We were totally expecting to have missed the fall colors, but to our surprise, they were at the end of their peak, but peaking nonetheless! The leaves were a deep gold; one that you could only find at the end of the fall season. The contrast of the gold leaves against the dark green pines and the gray granite was absolutely beautiful. Fall in the Eastern Sierra never ceases to amaze me.
For all of you dayhikers out there, there is a picnic area a little less than a mile from the dayhiking area (an estimate in distance). Plentiful picnic tables shaded by tall pine trees – what more could you ask for? As we hiked past with our heavy packs on, I dreamt of an afternoon spent there with a bottle of wine and a charcuterie board… and then remembered the dehydrated dinner I had waiting for me in my pack. Fun.
Anyway… with daydreams of wine and cheese long gone, we continued up the trail. If you decide that you would rather take the creekside lower trail up, this would be the place to cross-country down. Once you continue up the hill, the trails get further and further apart, and you would have to lose a lot more elevation if you chose to switch trails at a later time.
Once you emerge from the tops of the trees, Big Pine Creek comes into view again. Do you see the V of pine trees in the distance? This is where Big Pine Creek waterfalls down to the present valley, and is exactly where the trail takes you up.
Pictures don’t do it justice, but the sight of the gold trees spilling out of the mountainside was absolutely beautiful. It looked like a golden waterfall emerging from the Sierra granite. If you ever get the chance to hike to Big Pine Lakes in the fall, regardless of if its a dayhike or overnighter, take it. This view on its own made the trip for me.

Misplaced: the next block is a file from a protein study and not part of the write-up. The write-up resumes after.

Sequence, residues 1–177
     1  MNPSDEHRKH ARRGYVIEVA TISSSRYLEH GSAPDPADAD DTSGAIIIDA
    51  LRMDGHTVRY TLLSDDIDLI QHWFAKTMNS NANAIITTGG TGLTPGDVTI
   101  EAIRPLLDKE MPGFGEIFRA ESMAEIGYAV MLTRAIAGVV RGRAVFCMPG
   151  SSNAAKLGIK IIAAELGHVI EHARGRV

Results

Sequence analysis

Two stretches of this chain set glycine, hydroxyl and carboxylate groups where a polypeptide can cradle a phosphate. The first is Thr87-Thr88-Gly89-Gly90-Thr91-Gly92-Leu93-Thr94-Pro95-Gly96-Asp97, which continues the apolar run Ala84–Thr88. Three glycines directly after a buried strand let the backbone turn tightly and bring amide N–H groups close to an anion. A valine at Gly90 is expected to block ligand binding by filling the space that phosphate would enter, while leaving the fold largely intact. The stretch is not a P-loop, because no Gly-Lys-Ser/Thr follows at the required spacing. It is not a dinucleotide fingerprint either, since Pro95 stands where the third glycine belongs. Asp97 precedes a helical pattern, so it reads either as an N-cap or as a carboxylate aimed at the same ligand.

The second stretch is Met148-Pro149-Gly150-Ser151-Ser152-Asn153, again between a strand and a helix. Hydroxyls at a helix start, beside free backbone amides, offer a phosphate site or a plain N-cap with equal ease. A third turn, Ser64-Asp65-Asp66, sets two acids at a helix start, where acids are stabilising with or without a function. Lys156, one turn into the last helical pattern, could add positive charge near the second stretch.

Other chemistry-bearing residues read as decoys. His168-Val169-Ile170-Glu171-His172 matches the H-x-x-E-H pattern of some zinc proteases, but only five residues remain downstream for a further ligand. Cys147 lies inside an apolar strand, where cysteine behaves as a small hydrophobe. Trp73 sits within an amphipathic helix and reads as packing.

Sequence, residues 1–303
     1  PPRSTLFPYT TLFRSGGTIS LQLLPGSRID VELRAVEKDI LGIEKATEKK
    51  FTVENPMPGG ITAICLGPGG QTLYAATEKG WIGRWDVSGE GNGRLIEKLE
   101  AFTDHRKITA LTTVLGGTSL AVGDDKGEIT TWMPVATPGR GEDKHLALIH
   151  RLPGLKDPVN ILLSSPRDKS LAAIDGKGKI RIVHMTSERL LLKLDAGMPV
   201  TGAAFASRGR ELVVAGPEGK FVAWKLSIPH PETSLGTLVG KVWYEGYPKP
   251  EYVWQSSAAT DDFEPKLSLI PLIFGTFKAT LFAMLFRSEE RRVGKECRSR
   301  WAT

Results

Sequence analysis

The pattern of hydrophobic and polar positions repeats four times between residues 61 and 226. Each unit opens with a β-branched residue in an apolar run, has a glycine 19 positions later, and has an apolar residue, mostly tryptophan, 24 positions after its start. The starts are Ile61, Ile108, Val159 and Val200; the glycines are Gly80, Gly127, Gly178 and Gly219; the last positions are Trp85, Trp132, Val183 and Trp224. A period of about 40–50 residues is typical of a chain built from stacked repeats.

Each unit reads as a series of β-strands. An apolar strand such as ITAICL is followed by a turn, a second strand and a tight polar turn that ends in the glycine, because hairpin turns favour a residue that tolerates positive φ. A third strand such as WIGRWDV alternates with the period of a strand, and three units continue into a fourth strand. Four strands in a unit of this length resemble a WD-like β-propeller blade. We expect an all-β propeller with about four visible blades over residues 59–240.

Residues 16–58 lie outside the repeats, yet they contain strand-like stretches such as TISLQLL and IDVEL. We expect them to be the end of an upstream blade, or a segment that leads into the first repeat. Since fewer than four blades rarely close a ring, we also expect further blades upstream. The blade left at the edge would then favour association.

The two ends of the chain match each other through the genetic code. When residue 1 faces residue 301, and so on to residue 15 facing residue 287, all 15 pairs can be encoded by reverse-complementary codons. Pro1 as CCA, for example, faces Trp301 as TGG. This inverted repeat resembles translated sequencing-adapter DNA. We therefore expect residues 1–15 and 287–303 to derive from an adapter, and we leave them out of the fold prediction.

Around 1.4 miles in from the Overnight Parking Lot, you’ll hit the Baker Creek Trail. This trail looked STEEP AF, but no doubt led to beautiful views of the Big Pine Creek area (and maybe the Owens Valley?). This trail will actually take you to South Lake in 12.2 miles, which is pretty crazy considering that it would take you about an hour to drive between the two trailheads. It’s crazy to me how much smaller the Sierras seem when you are traveling by foot, rather than having to drive around them in a car.*
*For example, I once met a couple in Mammoth who would hike from the east side of the Sierras to the west side whenever they wanted to visit family in Fresno. They would start their hike in Little Lakes Valley, take Mono Pass up, and hike to Lake Thomas Edison, where their family would be waiting to pick them up!
I couldn’t help but continuously look back south to where we came from. Kid Mountain (left peak in the picture below) rose higher and higher from the green and golden creek below. It truly was a sight to see. Again, if you ever have the opportunity to hike Big Pine Lakes in the fall, take it.
After continuing straight for a little under a mile, the trail starts to curve around to the left, towards the granite cliffs.